Writing What You Know in YA

Image via The Odyssey

In a crowded lecture room on a Thursday evening, I furiously take notes while a YA writer discusses and presents her recently released novel. The audience, filled with other aspiring writers and a couple individuals who just wanted something to do on a weeknight, murmur amongst themselves as the first monologue drifts into a Q&A. Everyone seems to have a question they need answered.

“How do you choose what to write about?” a man from the first row asks.

“I write what I know,” the writer states boldly.

I look up from the scribbles in my notebook. The writer stares at the audience with the confident, unforgiving gaze of someone who’s been published. After a breath, she connects events in the novel with events in her life, perspectives of characters with her own. Although excited to be privy to these details and hidden information, her stories fade to background noise as I am enraptured in the all-too-familiar phrase.

Always eager to glean writing advice or learn about new books, I’ve been fortunate to attend a few of these author visits. Of these, the majority have, in some form, included the message, “Write what you know.” The advice stems from the idea that you will be able to write about something you’ve experienced more effectively than something you haven’t experienced. For instance, I would probably know more about the nuances of living in Minnesota (having lived there for most of my life) and be better able to write about those than someone who’d never even visited Minnesota. It’s a brilliant and generally well-founded belief, with classic writers like F. Scott Fitzgerald and modern writers like Angie Thomas using the world and people around them to inform their novels. Practically, writing what you know connects imagination with recollection and thus tends to ease the writing process. It also reduces the amount of research necessary, which for any writer is a blessing. Furthermore, it gives writer’s confidence in conveying their stories, since they are familiar with the reality of them.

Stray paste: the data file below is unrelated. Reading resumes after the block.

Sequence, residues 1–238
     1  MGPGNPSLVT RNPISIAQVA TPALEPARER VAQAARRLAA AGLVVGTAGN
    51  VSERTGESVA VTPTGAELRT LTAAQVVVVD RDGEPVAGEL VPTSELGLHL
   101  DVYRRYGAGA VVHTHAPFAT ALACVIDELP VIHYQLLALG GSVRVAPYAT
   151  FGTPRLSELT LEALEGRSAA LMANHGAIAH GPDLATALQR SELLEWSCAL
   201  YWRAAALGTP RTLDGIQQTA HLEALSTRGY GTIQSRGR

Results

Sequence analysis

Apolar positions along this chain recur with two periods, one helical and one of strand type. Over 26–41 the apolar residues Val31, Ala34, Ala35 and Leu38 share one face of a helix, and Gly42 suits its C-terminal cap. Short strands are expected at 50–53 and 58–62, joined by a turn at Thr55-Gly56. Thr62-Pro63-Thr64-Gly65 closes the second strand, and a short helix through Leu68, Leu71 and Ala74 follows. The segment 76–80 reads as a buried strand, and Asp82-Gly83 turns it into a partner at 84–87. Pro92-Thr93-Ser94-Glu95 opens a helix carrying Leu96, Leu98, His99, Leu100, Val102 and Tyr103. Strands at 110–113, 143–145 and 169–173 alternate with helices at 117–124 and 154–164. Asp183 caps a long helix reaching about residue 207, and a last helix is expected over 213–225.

In modern Young Adult writing, “Write what you know” has gained a new dimension in terms of authenticity and representation. That is, in recent years Young Adult novels have become modes of representation, allowing teenagers to see themselves as protagonists, become empowered, and express their voices. With this drive for diverse characters, writers like Dhonielle Clayton (author of The Belles) and Jenny Han (Always and Forever Lara Jean), who come from diverse backgrounds, have been able to authentically and beautifully convey these characters and their experiences. Personally, it is exciting both as a minority reader and writer to be able to see this development create opportunities for me that have never existed and give me new ways to enjoy my favorite literary genre.

However, do things like cultural identity and personal experiences limit what writers can write about? For instance, as an Asian American, should my novels only speak to the issues that are faced by Asian Americans and myself? Can I not just ignore my identity and write about who or what I would like to? “Write what you know” can be paralyzing in this sense, and it is frustrating at times to deal with the responsibility of representing yourself and your life in literature. However, I don’t believe rejecting the advice altogether is the answer. Indeed, history is filled with YA novels with misrepresentations of ethnicities, cultures, and the like, in doing so sometimes perpetuating terrible societal norms and prejudices. Additionally, even with good intentions it can be difficult to give a story the depth and subtlety it deserves if you haven’t encountered it firsthand.

In the end, “Write what you know,” despite its difficulties, is still solid advice. That’s not to say brilliant YA writers cannot write about whatever they’d like, but they should take extra care if they do. Furthermore, with a diverse, blossoming variety of YA books, I believe that every writer has a story to tell, and an audience that would love to read it. To go on, even if it is not a memoir or realistic fiction, you can still use themes or fictional issues representative of real-life ones to enhance and inform your novel. So follow the advice, and share your story.

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